Former Sudan spy service men open fire in protest at dismissal terms
KHARTOUM (Reuters) - Dismissed former employees of Sudan's National Intelligence and Security Service (NISS) shot in the air in Khartoum on Tuesday in protest at severance terms, prompting a heavy security force deployment and the temporary closure of the country's air space.
A Reuters witness saw members of the Rapid Support Forces (RSF), Sudan's most powerful paramilitary group, and the army deploy in Khartoum's main streets and shut down roads after gunmen opened fire outside buildings used by NISS.
In a televised statement, Information Minister Faisal Mohamed Saleh said the gunmen were former employees angry at the terms they had been offered on being dismissed.
The authorities "continue their efforts to persuade the rebellious units to surrender and handover their arms," Saleh said, adding that there were no casualties.
Security forces blocked the road leading to one of the buildings, the witness added. The district is close to the capital's airport.
Authorities closed the country’s airspace for five hours as a precautionary measure after the start of the shooting, a civil aviation ministry spokesman said.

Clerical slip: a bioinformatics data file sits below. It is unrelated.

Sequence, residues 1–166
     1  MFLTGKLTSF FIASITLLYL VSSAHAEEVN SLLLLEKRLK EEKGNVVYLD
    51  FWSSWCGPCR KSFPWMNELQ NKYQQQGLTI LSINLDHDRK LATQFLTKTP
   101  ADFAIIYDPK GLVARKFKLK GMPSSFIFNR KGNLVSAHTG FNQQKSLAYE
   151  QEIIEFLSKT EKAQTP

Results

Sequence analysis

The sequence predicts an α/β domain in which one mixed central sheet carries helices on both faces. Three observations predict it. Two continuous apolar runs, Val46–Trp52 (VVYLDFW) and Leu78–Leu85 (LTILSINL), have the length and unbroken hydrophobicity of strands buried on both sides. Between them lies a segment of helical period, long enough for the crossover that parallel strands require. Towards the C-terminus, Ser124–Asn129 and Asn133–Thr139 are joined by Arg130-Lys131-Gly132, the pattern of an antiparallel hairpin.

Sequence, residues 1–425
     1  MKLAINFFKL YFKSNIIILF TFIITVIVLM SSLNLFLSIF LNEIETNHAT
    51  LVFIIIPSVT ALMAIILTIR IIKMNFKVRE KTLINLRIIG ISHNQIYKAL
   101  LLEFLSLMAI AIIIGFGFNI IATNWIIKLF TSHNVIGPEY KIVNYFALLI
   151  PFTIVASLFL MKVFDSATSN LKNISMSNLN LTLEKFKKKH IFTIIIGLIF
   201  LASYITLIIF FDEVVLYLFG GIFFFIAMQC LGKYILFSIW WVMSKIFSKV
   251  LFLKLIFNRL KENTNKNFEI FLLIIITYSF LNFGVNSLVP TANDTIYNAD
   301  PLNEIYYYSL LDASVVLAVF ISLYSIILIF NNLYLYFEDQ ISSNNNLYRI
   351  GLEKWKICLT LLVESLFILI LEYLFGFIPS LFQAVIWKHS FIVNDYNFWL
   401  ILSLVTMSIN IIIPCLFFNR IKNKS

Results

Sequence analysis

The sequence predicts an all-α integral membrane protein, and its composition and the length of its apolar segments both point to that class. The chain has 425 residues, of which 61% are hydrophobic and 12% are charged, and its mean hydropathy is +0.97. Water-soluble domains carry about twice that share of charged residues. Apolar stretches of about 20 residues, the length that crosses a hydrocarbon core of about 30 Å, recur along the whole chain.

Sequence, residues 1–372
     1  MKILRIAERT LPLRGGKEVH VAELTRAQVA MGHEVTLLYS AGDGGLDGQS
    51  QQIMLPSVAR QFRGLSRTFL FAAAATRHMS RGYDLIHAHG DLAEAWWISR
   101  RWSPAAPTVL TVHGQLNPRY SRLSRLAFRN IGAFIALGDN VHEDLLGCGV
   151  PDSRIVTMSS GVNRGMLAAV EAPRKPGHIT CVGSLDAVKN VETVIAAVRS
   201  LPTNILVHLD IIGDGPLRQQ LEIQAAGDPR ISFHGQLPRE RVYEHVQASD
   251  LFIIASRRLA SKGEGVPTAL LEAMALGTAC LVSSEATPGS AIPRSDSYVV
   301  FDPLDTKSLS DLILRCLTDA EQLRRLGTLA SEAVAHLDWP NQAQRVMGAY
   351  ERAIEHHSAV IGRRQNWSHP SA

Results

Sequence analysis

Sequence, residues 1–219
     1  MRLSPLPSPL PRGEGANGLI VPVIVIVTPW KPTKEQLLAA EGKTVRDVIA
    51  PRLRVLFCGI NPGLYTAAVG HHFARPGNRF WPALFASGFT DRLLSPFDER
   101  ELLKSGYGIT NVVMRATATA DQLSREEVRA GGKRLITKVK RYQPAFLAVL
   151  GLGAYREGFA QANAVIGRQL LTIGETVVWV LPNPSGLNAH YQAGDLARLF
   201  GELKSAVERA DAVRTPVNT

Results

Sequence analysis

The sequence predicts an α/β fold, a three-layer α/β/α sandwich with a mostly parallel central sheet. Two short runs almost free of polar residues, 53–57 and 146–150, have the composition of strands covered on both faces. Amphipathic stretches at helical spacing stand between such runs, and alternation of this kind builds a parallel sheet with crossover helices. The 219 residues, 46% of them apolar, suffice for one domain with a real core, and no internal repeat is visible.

Sudan is undergoing a three-year political transition overseen by civilians and the military following the overthrow of long-time ruler Omar al-Bashir in April.
Restructuring NISS was one of the key demands of the uprising that called for Bashir's removal from power. The dismissals were part of the plan to restructure the intelligence agency.
Masked members of NISS dressed in military uniform set up checkpoints in one of Khartoum's main residential streets near the building and were seen firing shots into the air, one of the witnesses said.
The Sudanese Professionals Association (SPA), the country's main protest group, called on state agencies to intervene immediately to stop "these irresponsible operations that are causing terror amongst citizens."
Unverified video footage posted on social media purporting to show the area where the clashes occurred featured sounds of gunfire.
(Reporting by Khalid Abdelaziz, Eltayeb Siddig and Nayera Abdallah Mahmoud, writing by Amina Ismail; editing by Ulf Laessing, John Stonestreet, William Maclean)
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